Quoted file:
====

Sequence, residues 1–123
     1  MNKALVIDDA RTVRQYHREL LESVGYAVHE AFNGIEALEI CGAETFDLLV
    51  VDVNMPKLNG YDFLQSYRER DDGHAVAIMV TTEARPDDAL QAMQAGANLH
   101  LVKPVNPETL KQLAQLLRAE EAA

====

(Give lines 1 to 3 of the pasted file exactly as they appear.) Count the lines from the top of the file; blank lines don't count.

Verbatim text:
Sequence, residues 1–123
     1  MNKALVIDDA RTVRQYHREL LESVGYAVHE AFNGIEALEI CGAETFDLLV
    51  VDVNMPKLNG YDFLQSYRER DDGHAVAIMV TTEARPDDAL QAMQAGANLH